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solutions
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« Reply #8 on: November 27, 2015, 05:15:07 05:15 »

Ichan comes from a part of the world where people have a lot of free time to sit around thinking about how to cheat the system (or cheat the cheaters). Look at all the time he spends scheming against the schemers - to illustrate my point.

Off-meter fares are part of the culture and are factored into the business model. Building a device to defeat it is robbing the poor (cabby & passenger) and giving more to the rich (and a bowl of rice to Ichan as compensation for building the device).

The camera would work best,IMO - maybe a variant where you are using an IR camera vs visible light.

I think a gas sensor IN THE SEAT would also work well, given what they eat over there...
 Shocked
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Vineyards
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« Reply #9 on: November 27, 2015, 09:32:23 09:32 »

One problem with the CO2 approach is that the bigger one is the more abundant CO2 emission (among other things) How will u know the difference between one ugly fat man and two tiny chicks based on their CO2 outputs.
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Gallymimu
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« Reply #10 on: November 27, 2015, 10:58:21 22:58 »

camera with background subtraction is an interesting idea until you factor in all the ways things in the environment change (lighting etc).

I'm not sure if openCV is sophisticated enough for facial recognition.

hahah, add some sensors to the struts/shocks so the car knows when it is getting heavier!!!  J/K
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crunx
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« Reply #11 on: November 28, 2015, 05:00:41 17:00 »

Why not to use a simple and cheap ultrasonic sensor, which is typically utilized for distance measurement? Depending if you want to monitor the whole car cabin or just for example the back seat, it can be mounted in a way that the empty car's far-most side from the sensor measurement is interpreted as "empty" and anything closer than that is a "person"?

Such sensor modules can be bought ready assembled for example in eBay. Those seem to give a pulse, which length is proportional to the distance. That kind of signal can be easily processed by micro-controller's timer circuitry.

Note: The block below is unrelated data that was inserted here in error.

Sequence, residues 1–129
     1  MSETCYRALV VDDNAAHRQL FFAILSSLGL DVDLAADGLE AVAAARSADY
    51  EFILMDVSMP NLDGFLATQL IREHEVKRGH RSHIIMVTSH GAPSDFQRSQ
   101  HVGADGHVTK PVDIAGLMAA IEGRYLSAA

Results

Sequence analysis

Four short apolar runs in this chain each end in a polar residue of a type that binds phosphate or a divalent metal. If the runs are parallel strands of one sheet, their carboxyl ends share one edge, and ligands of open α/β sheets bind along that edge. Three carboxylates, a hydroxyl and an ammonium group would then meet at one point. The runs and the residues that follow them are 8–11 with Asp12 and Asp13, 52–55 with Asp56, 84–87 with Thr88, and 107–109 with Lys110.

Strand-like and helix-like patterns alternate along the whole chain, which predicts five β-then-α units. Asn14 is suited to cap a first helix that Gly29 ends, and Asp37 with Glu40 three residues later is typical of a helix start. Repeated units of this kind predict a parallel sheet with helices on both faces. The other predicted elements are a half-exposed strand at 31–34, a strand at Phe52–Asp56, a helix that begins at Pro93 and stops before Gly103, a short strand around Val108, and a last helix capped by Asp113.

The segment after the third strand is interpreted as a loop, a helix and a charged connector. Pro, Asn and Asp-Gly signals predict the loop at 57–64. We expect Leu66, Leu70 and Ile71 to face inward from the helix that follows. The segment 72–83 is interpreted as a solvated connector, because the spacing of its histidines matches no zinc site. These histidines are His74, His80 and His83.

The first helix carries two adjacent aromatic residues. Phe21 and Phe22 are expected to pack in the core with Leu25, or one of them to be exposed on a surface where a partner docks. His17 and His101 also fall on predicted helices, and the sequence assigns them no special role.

(Even if buying via eBay is not suited for any production needs, it is a handy and cheap way to get something to test the idea in practice!)
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Vineyards
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« Reply #12 on: November 29, 2015, 02:37:30 02:37 »

Mosquitos do that naturally.
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wild
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« Reply #13 on: November 29, 2015, 03:22:20 03:22 »

To my knowledge, car manufacturer used capacitive sensors embedded in the seats to alert if the seat belt was not fastened...
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« Reply #14 on: November 30, 2015, 03:04:41 15:04 »

The measurement principle is capacitive, that is correct, but the variable measured is pressure.
These used sensors are capacitive pressure sensors...measuring, whether someone sits on the seat...
There is an additional switch (usually a Hall sensor together with a magnet) sensing, whether the belt is closed...

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« Last Edit: November 30, 2015, 03:06:49 15:06 by str67 » Logged
solutions
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« Reply #15 on: December 01, 2015, 11:49:52 11:49 »

^  ...just when I was about to ask what the standard, "human body model", capacitance is between cheeks
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Avalynn
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« Reply #16 on: December 06, 2015, 02:22:05 02:22 »

Hmmm this sounds like a fun project, reminds me of one I did in class to determine if a person fell in their home and couldn't get up within a reasonable amount of time. It was supposed to be a simple project initially but nope, things never work out that way..

Anyways a couple ideas that were bounced back and forward were a PIR sensor to detect motion, a IR distance sensor, pressure resistance (weight), detecting sound (like a loud thud!), a camera that would take pictures and compare images (this was used in a different project), sonar, different gas sensors, basically a lot of ideas were along the principles of how radar work.

Never did try capacitance but that sounds like a good idea too! but I would guess a way to measure distance would work, or motion. Although anything to do with light and the sun I'm not sure how reliable that is going to be without some filters. Anywho just a couple ideas I recall from back then. Good luck! and let us know how it goes.
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crunx
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« Reply #17 on: December 06, 2015, 02:58:54 14:58 »

I already earlier proposed ultrasound sensor. One possibility is to use a plain distance measurement unit: If properly aimed, it would detect about anything, inclusive a person, in the targeted area. If that distance is shorter than the "baseline" from fixed features, that would be an indication.

That kind of sensor shouldn't react on heat and light, unlike optical/IR ones. If required, the technique could be either controlling a smaller area such as the back seat, or the whole car, depending what is the requirement.